totalCorrect++;
}

After the loop finishes, totalCorrect will contain the number of questions that the user answered correctly. We display that number by setting the dynamic text field displayTotal to totalCorrect:

displayTotal = totalCorrect;

Voila! With both functions in place and our quiz variables initialized, the logic of our quiz system is complete. Notice how much easier it is to follow the quiz's operation when most of the code is contained on a single frame? All that's left is to call the functions from the appropriate points in the quiz.

9.13.1.1. Calling the quiz functions

We'll call the answer( ) function from the buttons that the user clicks to indicate answers, and we'll call the gradeUser( ) function from the quizEnd frame.

On the first answer button of frame 1, we attach the following code:

on (release) {
  answer(1);
}

On the second button, we attach this code:

on (release) {
  answer(2);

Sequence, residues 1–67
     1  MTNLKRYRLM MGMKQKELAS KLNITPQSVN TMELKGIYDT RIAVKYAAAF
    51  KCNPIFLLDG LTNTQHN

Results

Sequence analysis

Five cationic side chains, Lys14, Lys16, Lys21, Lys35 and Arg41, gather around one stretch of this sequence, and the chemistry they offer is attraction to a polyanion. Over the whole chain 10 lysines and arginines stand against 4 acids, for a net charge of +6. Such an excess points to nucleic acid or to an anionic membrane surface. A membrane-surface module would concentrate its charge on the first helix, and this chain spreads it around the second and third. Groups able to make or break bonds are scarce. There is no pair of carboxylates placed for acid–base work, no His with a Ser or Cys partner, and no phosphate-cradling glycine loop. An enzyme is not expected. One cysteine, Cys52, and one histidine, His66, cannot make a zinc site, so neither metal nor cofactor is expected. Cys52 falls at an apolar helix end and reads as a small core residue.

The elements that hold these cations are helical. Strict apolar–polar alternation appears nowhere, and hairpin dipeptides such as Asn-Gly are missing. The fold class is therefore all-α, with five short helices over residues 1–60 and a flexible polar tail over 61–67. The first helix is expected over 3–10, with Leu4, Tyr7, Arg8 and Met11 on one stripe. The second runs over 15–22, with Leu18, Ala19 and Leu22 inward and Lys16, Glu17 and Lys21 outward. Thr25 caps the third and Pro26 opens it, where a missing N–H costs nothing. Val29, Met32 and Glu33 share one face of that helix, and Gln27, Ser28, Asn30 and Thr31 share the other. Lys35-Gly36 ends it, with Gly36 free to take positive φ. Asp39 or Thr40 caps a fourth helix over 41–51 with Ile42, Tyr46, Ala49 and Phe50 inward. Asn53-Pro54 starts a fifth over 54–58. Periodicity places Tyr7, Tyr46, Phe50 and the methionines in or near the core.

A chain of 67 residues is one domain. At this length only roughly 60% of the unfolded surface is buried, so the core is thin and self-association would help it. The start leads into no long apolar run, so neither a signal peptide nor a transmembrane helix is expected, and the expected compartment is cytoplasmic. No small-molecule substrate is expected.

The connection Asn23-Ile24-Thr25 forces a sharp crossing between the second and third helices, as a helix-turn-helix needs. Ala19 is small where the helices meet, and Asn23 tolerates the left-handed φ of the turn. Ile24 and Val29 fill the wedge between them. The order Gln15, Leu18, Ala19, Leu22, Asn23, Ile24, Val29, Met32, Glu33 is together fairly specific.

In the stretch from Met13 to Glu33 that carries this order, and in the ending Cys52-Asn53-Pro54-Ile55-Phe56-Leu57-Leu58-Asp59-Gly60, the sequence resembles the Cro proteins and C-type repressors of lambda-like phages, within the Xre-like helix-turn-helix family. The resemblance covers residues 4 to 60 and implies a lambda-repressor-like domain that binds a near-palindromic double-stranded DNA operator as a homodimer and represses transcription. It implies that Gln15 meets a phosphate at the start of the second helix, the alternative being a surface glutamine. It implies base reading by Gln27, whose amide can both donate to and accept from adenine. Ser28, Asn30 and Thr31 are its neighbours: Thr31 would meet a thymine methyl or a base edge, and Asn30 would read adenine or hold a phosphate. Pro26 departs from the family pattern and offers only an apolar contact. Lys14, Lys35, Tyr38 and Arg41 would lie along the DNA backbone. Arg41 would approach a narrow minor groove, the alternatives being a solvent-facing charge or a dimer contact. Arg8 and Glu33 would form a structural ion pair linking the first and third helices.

}

And on the third button, we attach this code:

on (release) {
  answer(3);
}

Then we attach the exact same code to the three buttons at frame q2. Notice how elegant this process is. With the code needed to handle each button neatly packed into a function, our button code is kept to a bare minimum. The answer and quiz progression logic is not redundantly duplicated as it was in the earlier version of the quiz. Furthermore, creating new buttons is a simple matter of changing the number passed to the answer( ) function. We don't need to do anything special for the last question in the quiz because the answer( ) function handles that automatically.

With the button code attached, we simply need to grade the user at the end of the quiz by attaching this statement to the quizEnd frame:

gradeUser( );

Once again, by placing our grading functionality on the first frame of our movie with the other functions, we've separated the mechanics of the system from the use of the system. Hence, we don't lose those mechanics in the maze of frames and buttons that Flash movies can often become.

Test your quiz to make sure that it works. Experiment to see what happens when you add quiz questions, remove quiz questions, and change anything else that comes to mind. As we continue, think about how the techniques we learn might be applied to our quiz example. What visible features can we add to the user experience? What invisible changes can we make to the code that will make it more flexible or elegant even if the user experience is unchanged?